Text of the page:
This lack of confidence in their ability to make a difference with retirement planning could be one prime reason why so many people don’t bother trying to put together a retirement savings and income plan in the first place, and therefore see no reason to seek out professional help to do so. After all, in the view of such individuals, what would be the point?
To begin to overcome the “conflicting priority” barrier, financial services providers should consider offering more holistic approaches and solutions. It likely does little good to pitch retirement products alone to someone who is more concerned for the moment with mortgage or other debt issues.
Conflicting priorities could be addressed as part of a comprehensive financial plan that at least gets the prospect started on retirement preparation, even if the initial efforts are relatively modest. By addressing the bigger picture while taking other priorities into account, consumers will likely gain more confidence that they can in fact start accounting for retirement needs earlier on, making adjustments as they advance in the lifecycle.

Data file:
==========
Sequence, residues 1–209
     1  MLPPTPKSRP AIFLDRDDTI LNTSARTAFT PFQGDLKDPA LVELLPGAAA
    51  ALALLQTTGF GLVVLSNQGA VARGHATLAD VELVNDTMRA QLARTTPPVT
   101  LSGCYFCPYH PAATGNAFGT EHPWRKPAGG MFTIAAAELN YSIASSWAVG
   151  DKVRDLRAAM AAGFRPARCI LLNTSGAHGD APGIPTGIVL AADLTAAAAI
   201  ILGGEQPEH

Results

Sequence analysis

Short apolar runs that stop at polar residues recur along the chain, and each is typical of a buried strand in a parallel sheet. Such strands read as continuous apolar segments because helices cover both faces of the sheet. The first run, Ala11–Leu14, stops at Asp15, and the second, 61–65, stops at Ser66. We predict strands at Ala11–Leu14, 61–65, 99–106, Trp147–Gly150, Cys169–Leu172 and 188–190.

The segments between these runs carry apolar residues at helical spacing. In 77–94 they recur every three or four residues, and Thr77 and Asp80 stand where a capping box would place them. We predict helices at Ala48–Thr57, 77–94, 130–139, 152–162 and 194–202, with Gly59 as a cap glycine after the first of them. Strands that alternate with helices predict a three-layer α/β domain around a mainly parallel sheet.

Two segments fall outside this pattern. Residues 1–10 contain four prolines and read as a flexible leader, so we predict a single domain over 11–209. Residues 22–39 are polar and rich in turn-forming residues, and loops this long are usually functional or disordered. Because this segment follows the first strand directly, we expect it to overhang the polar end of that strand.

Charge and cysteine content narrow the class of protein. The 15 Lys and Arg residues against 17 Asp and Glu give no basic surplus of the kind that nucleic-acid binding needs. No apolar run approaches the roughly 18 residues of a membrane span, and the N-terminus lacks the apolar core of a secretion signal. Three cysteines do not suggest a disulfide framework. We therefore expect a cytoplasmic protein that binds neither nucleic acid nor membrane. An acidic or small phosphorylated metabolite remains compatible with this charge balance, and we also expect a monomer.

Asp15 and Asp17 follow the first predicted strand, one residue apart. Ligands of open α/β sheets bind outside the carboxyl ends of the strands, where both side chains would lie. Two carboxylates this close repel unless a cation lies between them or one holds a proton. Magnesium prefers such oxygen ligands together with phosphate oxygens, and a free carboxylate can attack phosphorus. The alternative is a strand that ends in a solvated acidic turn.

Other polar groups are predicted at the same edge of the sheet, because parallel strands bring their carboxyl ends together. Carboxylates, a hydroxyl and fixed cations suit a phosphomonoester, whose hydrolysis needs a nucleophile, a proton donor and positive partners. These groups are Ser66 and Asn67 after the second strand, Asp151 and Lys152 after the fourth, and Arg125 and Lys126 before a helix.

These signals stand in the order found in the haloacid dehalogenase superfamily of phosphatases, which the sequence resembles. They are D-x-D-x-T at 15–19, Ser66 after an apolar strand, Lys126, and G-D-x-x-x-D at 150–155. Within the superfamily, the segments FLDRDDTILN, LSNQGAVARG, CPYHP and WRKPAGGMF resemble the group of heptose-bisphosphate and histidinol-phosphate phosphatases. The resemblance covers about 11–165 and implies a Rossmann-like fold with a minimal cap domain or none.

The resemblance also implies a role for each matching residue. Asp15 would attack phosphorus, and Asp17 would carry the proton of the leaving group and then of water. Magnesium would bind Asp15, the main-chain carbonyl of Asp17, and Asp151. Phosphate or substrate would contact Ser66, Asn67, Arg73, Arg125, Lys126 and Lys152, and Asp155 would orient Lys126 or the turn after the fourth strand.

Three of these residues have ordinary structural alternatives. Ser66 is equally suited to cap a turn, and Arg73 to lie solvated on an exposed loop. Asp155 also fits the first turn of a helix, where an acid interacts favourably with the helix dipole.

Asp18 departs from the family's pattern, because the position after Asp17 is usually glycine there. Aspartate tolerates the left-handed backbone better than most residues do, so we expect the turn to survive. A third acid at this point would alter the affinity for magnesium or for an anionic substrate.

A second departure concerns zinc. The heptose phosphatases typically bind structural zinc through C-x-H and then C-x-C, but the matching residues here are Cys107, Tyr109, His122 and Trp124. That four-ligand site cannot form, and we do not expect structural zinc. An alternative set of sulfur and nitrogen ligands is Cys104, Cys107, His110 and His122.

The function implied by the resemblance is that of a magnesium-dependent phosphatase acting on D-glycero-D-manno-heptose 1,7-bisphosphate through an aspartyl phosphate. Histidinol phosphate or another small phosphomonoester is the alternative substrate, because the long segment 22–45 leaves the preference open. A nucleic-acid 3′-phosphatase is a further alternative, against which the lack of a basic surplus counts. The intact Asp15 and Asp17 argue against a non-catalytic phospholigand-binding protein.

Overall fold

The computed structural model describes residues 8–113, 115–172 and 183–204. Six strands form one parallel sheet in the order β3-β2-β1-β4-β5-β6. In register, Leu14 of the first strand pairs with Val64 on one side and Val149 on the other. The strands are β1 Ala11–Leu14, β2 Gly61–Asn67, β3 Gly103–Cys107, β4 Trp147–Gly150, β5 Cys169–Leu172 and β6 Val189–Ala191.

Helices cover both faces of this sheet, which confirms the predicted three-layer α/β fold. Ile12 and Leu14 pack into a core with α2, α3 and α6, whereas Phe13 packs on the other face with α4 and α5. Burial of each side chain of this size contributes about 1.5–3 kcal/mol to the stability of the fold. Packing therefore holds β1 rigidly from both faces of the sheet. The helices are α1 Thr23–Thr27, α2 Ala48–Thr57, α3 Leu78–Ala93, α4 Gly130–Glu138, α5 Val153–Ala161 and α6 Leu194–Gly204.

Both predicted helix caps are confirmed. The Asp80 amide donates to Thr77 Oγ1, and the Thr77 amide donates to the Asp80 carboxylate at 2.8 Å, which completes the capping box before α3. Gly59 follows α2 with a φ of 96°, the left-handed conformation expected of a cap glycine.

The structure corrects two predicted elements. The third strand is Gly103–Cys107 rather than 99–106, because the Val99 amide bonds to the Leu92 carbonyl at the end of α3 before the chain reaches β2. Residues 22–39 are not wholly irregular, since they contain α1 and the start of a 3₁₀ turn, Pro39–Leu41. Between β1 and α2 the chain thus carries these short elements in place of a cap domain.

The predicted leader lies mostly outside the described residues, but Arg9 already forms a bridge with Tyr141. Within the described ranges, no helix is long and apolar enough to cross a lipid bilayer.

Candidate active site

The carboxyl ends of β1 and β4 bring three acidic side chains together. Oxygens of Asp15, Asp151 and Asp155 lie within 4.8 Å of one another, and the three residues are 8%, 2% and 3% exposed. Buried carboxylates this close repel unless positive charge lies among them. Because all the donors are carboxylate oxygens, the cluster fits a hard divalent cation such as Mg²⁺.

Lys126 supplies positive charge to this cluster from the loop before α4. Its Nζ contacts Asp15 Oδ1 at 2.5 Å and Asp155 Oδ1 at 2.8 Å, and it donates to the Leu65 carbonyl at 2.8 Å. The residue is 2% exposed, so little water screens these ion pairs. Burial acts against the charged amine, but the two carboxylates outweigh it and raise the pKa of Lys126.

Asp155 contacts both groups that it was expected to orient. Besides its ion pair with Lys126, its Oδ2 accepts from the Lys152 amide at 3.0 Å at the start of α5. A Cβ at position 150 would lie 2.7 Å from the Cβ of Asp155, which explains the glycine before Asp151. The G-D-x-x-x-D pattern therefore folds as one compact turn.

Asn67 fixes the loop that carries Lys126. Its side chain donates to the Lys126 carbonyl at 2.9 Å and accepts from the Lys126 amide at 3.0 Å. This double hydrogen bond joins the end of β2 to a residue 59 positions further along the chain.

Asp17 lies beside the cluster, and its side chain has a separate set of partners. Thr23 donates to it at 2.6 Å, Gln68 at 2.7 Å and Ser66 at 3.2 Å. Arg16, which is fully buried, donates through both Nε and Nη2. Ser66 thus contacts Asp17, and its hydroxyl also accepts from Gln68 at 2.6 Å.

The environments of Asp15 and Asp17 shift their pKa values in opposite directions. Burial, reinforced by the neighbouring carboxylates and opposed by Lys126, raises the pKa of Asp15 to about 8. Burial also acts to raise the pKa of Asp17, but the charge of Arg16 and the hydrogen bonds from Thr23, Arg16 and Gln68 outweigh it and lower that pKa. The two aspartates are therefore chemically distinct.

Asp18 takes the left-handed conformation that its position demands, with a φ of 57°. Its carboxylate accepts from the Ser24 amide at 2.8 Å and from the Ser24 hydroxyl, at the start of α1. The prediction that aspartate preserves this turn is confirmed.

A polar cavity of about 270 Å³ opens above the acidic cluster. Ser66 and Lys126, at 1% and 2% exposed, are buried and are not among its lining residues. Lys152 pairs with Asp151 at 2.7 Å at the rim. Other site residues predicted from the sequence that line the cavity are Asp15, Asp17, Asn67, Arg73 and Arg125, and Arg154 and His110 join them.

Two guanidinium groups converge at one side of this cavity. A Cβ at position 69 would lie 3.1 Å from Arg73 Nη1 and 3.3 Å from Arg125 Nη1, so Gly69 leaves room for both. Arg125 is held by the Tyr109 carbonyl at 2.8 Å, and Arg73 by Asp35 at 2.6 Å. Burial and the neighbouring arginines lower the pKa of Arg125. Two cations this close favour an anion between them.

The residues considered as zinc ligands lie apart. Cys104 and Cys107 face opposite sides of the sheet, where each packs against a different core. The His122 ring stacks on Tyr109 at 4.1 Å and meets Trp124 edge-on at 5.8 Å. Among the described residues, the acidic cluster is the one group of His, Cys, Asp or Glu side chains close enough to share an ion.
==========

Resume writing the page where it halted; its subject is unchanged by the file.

Part of the challenge in overcoming this barrier may be the product-centric organizational structure that is quite common in many financial services companies. For instance, institutional businesses (such as employee benefit services) might be separate from consumer-focused retail operations, or insurance separate from investments. Or distribution might not be well integrated with the product development function.
Also, current incentive structures may not encourage collaboration across business lines to offer the holistic solutions that many consumers need. In order to provide such services and be successful at it, certain structural changes in operating models might be required.
A financial institution may not be able to directly address all of a consumer’s financial needs under one umbrella. But broadening the discussion beyond retirement savings and income considerations, and helping consumers to think through their often conflicting concerns could transform a financial institution from a product provider into a financial facilitator and enabler, which may help them capture a greater share of the retirement piggy bank in the long run.
Establishing marketing partnerships with other providers, such as health- or long-term care insurers, is one way to possibly expand the dialogue and deal more holistically with clients on retirement.
In the next installment of this series, we’ll examine how financial institutions might overcome the second barrier discouraging or preventing many people from planning for retirement —t he failure by the industry to effectively communicate with consumers on retirement issues, particularly via the workplace.
In the meantime, a full report on the survey results and their implications—“Meeting the Retirement Challenge: New Approaches and Solutions for the Financial Services Industry”—can be accessed with this link.